STUDY QUESTION: Are non-visualized pregnancy losses (biochemical pregnancy loss and failed pregnancy of unknown location combined) in the reproductive history of women with unexplained recurrent miscarriage (RM) negatively associated with the chance of live birth in a subsequent pregnancy? SUMMARY ANSWER: Non-visualized pregnancy losses contribute negatively to the chance for live birth: each non-visualized pregnancy loss confers a relative risk (RR) for live birth of 0.90 (95% CI 0.83; 0.97), equivalent to the RR conferred by each additional clinical miscarriage. WHAT IS KNOWN ALREADY: The number of clinical miscarriages prior to referral is an important determinant for live birth in women with RM, whereas the significance of non-visualized pregnancy losses is unknown. STUDY DESIGN, SIZE, DURATION: A retrospective cohort study comprising 587 women with RM seen in a tertiary RM unit 2000-2010. Data on the outcome of the first pregnancy after referral were analysed for 499 women. PARTICIPANTS/MATERIALS, SETTING, METHODS: The study was conducted in the RM Unit at Rigshospitalet, Copenhagen, Denmark. We included all women with unexplained RM, defined as ≥3 consecutive clinical miscarriages or non-visualized pregnancy losses following spontaneous conception or homologous insemination. The category 'non-visualized pregnancy losses' combines biochemical pregnancy loss (positive hCG, no ultrasound performed) and failed PUL (pregnancy of unknown location, positive hCG, but on ultrasound, no pregnancy location established). Demographics were collected, including BMI, age at first pregnancy after referral and outcome of pregnancies prior to referral. Using our own records and records from other Danish hospitals, we verified the outcome of the first pregnancy after referral. For each non-visualized pregnancy loss and miscarriage in the women's reproductive history, the RR for live birth in the first pregnancy after referral was determined by robust Poisson regression analysis, adjusting for risk factors for negative pregnancy outcome. MAIN RESULTS AND THE ROLE OF CHANCE: Non-visualized pregnancy losses constituted 37% of reported pregnancies prior to referral among women with RM. Each additional non-visualized pregnancy loss conferred an RR for live birth of 0.90 (95% CI 0.83; 0.97), which was not statistically significantly different from the corresponding RR of 0.87 (95% CI 0.80; 0.94) conferred by each clinical miscarriage. Among women with ≥2 clinical miscarriages, a reduced RR for live birth was also shown: 0.82 (95% CI 0.74; 0.92) for each clinical miscarriage and 0.89 (95% CI 0.80; 0.98) for each non-visualized pregnancy loss, respectively. Surgically treated ectopic pregnancies (EPs) were significantly more common for women with primary RM and no confirmed clinical miscarriages, compared with women with primary RM and ≥1 clinical miscarriage (22 versus 6%, difference 16% (95% CI 9.1%; 28.7%); RR for ectopic pregnancy was 4.0 (95% CI 1.92; 8.20). LIMITATIONS, REASONS FOR CAUTION: RM was defined as ≥3 consecutive pregnancy losses before 12 weeks' gestation, and we included only women with unexplained RM after thorough evaluation. It is uncertain whether the findings apply to other definitions of RM and among women with known causes for their miscarriages. WIDER IMPLICATIONS OF THE FINDINGS: To our knowledge, this is the first comprehensive investigation of prior non-visualized pregnancy losses and their prognostic significance for live birth in a subsequent pregnancy in women with unexplained RM. We show that a prior non-visualized pregnancy loss has a negative prognostic impact on subsequent live birth and is thus clinically significant. STUDY FUNDING/COMPETING INTEREST(S): None. TRIAL REGISTRATION NUMBER: N/A.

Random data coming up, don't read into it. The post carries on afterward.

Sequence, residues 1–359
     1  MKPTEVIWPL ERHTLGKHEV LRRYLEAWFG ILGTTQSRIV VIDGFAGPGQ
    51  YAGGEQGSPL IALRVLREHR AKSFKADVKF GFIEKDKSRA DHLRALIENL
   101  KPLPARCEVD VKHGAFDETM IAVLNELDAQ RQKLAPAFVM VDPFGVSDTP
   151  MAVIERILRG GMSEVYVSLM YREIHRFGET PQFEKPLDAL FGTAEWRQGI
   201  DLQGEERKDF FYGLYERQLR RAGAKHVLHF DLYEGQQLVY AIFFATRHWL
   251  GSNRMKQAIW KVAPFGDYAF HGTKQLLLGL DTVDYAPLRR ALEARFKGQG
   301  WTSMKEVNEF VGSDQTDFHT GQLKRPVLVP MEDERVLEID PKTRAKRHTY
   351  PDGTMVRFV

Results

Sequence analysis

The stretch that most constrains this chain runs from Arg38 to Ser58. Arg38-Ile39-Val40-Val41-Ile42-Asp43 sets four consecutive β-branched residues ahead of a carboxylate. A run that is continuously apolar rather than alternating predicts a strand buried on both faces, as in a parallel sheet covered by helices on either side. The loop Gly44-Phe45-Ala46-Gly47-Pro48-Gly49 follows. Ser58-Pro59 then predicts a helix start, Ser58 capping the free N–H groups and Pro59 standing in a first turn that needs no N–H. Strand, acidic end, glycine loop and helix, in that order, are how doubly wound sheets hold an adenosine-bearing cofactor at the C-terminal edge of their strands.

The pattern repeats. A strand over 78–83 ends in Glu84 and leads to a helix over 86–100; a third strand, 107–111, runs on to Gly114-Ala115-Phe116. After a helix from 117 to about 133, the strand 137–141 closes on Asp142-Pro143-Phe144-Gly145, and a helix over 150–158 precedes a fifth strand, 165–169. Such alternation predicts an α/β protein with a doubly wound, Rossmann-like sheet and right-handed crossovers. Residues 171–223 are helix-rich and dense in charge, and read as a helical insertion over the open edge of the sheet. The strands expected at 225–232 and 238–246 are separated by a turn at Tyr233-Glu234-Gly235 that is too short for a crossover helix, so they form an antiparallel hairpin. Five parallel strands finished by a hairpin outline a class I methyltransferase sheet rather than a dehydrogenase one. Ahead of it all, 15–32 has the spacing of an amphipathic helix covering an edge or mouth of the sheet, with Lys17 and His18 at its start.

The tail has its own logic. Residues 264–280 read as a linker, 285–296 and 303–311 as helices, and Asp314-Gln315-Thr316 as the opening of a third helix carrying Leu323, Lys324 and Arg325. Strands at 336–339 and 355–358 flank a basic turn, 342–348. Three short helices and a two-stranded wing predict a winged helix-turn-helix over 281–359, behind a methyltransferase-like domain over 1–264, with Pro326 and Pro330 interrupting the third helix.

Human Reproduction, 2014, Vol 29, Issue 5, p. 931-937